The National Hockey League  today announced that Hurricanes  forward Scott Walker  has been fined $2,500 for the “sucker punch” of Bruins defenseman Aaron Ward  that occurred at the 17:13 mark of the third period of Sunday night’s Game 5 against the Boston Bruins .
There will be no additional punishment assessed. Boston Bruins coach Claude Julien  said that doctors thought Ward might have suffered a fractured orbital bone, and he is still a question mark for Game 6 Tuesday night against the Hurricanes in Raleigh.
Walker was originally assessed an instigator penalty in the final five minutes of the third period, which earns an automatic one-game suspension pending a ruling by NHL  disciplinarian Colin Campbell . Campbell apparently ruled that Walker’s late game actions didn’t merit a suspension despite being the third man in and throwing the “sucker punch” while Ward clearly had his gloves on.
‘We are satisfied with the league’s ruling,’ said Hurricanes President and General Manager Jim Rutherford. ‘After our team received several punches throughout the series leading up to Game 5, it was a matter of time before one was going to be thrown back.’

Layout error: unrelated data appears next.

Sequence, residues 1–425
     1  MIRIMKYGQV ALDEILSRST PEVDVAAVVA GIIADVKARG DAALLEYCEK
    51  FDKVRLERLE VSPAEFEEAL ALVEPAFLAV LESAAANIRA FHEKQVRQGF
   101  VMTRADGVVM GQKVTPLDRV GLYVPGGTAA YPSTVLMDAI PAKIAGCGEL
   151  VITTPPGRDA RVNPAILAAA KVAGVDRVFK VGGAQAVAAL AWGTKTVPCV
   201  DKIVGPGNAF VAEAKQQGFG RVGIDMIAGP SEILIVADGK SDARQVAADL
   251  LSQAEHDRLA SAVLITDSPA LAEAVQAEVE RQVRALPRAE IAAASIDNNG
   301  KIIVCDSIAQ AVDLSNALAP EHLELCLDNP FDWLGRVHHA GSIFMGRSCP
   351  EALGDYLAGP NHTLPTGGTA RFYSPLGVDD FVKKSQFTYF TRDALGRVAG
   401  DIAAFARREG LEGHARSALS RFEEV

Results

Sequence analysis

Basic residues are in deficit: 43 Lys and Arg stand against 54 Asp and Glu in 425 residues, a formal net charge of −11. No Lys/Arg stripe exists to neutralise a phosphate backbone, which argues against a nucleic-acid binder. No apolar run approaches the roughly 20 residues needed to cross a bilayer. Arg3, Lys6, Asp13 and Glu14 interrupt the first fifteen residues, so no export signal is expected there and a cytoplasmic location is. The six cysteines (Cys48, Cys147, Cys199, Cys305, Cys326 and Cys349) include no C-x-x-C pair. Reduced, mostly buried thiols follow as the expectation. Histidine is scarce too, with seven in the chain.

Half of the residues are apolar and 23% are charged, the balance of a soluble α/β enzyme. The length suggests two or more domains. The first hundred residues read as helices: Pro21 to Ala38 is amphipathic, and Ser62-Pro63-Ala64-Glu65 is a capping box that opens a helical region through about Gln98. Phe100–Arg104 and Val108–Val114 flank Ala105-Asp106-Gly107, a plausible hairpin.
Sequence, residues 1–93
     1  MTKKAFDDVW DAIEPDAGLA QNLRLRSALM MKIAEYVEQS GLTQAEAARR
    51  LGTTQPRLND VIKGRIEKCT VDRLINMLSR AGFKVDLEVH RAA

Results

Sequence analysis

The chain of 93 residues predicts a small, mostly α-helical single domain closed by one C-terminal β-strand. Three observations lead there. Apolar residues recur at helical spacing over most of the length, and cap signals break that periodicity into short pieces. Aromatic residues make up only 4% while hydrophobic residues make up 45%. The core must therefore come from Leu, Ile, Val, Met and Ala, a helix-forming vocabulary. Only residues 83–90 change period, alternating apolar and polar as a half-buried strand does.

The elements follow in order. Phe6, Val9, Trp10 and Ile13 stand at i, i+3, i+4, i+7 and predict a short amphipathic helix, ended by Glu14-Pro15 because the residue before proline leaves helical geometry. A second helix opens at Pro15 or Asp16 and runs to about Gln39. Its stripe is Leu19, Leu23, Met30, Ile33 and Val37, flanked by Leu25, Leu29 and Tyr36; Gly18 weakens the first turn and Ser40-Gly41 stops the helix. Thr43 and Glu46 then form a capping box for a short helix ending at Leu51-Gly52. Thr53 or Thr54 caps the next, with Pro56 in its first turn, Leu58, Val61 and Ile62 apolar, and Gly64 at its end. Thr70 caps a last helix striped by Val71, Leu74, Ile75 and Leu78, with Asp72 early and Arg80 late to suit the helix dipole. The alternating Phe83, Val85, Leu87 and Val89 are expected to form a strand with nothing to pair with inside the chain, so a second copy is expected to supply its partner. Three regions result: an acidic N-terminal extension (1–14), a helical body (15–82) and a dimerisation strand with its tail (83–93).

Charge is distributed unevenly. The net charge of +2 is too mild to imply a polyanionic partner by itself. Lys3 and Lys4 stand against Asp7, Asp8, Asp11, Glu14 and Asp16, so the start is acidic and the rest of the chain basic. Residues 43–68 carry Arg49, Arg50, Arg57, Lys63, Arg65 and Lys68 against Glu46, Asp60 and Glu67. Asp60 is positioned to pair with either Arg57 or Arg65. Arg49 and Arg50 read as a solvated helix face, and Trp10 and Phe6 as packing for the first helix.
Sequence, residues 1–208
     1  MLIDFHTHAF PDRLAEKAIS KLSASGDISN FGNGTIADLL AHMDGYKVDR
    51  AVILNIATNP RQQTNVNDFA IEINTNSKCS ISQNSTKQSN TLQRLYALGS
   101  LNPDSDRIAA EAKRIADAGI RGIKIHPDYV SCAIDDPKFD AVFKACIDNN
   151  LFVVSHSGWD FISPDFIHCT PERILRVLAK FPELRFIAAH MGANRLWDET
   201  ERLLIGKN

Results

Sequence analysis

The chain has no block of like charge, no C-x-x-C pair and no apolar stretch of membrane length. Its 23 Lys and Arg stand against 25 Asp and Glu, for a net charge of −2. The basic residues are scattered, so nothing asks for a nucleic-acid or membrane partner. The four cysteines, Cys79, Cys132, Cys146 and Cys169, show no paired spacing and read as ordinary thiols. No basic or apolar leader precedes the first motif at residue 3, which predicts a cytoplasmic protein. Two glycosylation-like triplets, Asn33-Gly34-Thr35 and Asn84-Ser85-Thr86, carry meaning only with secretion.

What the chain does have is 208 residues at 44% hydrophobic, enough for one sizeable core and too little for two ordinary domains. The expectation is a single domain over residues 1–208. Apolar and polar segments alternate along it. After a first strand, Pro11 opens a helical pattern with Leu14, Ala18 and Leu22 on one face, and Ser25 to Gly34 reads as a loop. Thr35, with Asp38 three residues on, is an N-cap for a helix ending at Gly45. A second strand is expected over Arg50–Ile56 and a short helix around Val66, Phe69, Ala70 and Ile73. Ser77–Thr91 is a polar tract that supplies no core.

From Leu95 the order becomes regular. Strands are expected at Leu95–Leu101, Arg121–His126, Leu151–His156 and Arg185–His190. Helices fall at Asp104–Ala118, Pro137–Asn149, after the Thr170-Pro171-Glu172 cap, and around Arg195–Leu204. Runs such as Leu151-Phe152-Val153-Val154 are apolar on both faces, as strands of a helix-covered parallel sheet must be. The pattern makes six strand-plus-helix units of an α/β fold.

‘I accept the league’s decision,’ said Walker. ‘Based on what was said on the ice as I was dropping my gloves, it was my understanding that I was engaged in an altercation.’
B’s coach Claude Julien expected a suspension and said at Monday morning’s practice that he would be disappointed if Walker didn’t get hit with a penalty for something he considered to be a dirty play.
“In reviewing what I saw, I just didn’t like what happened. . . . I just don’t think there was any need for that,” said Julien. “He sucker-punched him once coming into the scrum when (Ward) was involved with another player. And then he dropped his gloves and sucker-punched him.
“I don’t care what people say about, ‘Ward should’ve protected himself.’ He had no intention of getting involved,” he added. “We asked our guys to stay composed and not fall into that trap, and he just did that. A guy with Walker’s experience should know better than to sucker-punch a guy.”